2E - The Michigan Daily - New Student Edition - Fall 2003
Football season ends with Outback victory
By David Horn
Daily Sports Editor
TAMPA, Fla. - Michigan began 2002 as the victims of a central Florida
slaughter, courtesy of Tennessee in the Florida Citrus Bowl. Fortunately for
the Wolverines, the first day of 2003 began very differently. Michigan (6-2
Big Ten, 10-3 overall) survived six lead changes and a late Florida charge to
defeat the Gators, 38-30, before a sold-out crowd of 65,101 at Raymond
Trailing by eight with just over two minutes remaining in the game, Florida
junior quarterback Rex Grossman engineered a drive from his team's own 27-
yard line. Grossman, who was likely playing in his final game for the Gators,
completed two passes for 18 yards and drew a 15-yard personal foul on a late hit
from Michigan senior linebacker Victor Hobson. But two plays after jeopardizing
his defense's chances at shutting down the suddenly efficient Florida offense,
Hobson made amends.
On ist-and-10 from the Michigan 27-yard line, the Gators (6-2 SEC, 8-
5) called for a reverse option pass to wideout (and former high school
quarterback) Vernell Brown. Brown rolled out to the left and was pursued
by defensive end Alain Kashama, then forced a desperate, wobbly pass
toward the sideline. Hobson stepped in front of Grossman (the intended
receiver) and took the ball 42 yards in the other direction to ensure victory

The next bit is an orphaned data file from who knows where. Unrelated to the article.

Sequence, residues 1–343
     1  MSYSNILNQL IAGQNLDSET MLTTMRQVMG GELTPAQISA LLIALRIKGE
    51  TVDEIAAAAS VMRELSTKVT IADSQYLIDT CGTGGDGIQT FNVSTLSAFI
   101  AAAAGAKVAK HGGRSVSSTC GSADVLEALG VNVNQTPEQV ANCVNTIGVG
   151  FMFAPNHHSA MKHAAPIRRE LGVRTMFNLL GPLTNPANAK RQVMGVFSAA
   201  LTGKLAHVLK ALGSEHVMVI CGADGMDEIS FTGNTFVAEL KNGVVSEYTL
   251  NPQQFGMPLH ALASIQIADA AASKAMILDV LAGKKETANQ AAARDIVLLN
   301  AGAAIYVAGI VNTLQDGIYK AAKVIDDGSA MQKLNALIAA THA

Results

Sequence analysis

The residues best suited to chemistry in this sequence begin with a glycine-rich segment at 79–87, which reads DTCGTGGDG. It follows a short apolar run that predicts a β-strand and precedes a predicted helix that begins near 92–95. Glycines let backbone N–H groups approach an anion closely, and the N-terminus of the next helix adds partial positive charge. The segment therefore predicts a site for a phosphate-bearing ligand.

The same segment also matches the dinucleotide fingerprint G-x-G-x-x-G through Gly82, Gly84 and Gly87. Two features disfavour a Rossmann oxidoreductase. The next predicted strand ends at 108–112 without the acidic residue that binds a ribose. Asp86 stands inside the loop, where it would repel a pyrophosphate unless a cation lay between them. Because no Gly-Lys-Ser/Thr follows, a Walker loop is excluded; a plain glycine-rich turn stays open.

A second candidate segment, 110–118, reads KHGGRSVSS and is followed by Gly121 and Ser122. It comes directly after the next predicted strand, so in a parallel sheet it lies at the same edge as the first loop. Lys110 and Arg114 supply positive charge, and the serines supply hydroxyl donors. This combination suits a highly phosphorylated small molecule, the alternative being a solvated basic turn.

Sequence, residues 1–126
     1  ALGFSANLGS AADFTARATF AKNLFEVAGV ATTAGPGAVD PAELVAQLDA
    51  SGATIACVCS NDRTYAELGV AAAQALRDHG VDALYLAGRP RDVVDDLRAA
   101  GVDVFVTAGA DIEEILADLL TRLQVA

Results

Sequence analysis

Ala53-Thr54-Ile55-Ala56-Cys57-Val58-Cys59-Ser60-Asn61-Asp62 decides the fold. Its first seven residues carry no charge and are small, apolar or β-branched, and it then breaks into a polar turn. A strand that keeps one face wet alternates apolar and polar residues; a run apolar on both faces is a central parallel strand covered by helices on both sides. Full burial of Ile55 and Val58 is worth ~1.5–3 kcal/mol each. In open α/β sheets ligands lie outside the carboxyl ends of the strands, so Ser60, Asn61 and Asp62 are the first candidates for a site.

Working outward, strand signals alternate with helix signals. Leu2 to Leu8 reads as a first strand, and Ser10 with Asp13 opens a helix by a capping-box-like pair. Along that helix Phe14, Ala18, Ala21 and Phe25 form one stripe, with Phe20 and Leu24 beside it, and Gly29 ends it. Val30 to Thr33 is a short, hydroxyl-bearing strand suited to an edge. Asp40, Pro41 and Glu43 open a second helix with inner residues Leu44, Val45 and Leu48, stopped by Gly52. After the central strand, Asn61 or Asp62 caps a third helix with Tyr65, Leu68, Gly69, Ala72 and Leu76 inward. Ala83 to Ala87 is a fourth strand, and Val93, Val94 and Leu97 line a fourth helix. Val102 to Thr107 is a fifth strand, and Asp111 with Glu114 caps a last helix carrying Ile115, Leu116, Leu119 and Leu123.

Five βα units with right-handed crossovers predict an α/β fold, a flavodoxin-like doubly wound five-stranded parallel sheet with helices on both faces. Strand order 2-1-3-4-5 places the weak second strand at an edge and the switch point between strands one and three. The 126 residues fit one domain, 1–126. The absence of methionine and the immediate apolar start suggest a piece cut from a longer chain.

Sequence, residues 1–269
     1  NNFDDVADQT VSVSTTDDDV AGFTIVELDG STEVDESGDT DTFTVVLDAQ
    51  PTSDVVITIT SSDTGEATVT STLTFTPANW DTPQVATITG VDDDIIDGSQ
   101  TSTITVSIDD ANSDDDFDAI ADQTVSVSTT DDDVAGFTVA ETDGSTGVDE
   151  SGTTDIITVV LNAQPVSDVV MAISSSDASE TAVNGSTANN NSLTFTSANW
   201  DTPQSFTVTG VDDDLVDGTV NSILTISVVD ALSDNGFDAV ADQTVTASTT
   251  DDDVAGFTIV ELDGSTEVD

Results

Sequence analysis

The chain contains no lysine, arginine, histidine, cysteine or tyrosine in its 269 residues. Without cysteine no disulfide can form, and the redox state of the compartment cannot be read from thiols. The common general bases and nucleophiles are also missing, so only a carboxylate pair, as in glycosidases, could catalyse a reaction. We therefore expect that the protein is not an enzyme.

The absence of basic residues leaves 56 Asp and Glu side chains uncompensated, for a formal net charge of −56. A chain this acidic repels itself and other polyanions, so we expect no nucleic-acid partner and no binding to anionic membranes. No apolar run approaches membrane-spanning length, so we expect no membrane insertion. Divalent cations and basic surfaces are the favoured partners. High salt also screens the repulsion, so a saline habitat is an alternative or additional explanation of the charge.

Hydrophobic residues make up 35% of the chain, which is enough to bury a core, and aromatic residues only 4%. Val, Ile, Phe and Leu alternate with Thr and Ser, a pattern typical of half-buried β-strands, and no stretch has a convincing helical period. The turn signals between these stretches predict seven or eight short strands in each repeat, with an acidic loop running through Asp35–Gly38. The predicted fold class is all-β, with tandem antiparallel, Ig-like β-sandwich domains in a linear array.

for the Wolverines.
"They'd been getting man coverage all that series, and Rex was going to be
open," Florida first-year coach Ron Zook said. "When you're in man coverage
you don't account for the quarterback, and at that point in time I thought it was a
Hobson was one of several Michigan seniors who made waves in his final
game for the Maize and Blue. In particular, captain Bennie Joppru set the team's
season-receptions record for a tight end on the strength of eight catches for 80
yards. That brought his season total to 53, surpassing a 33-year old record previ-
ously held by Jim Mandich.
But truly it was a couple of juniors who led the Wolverines. Tailback Chris
Perry set an Outback Bowl record with four touchdowns; the accomplishment
is also a Michigan bowl record. He finished the game with 85 yards rushing on
28 carries, as well as 108 yards receiving. Quarterback John Navarre threw for
a career-best 319 yards, going a very efficient 21-for-36 with a touchdown and
Despite Navarre's career performance, the Michigan offense stumbled out of the
gate and took some time to find its rhythm; the unit's only score until late in the
second quarter came as a result of a Florida miscue.
Deep in his own territory, Grossman found himself scrambling after a high snap.
Kashama beat him to the ball, recovered it inside the five-yard line, and put his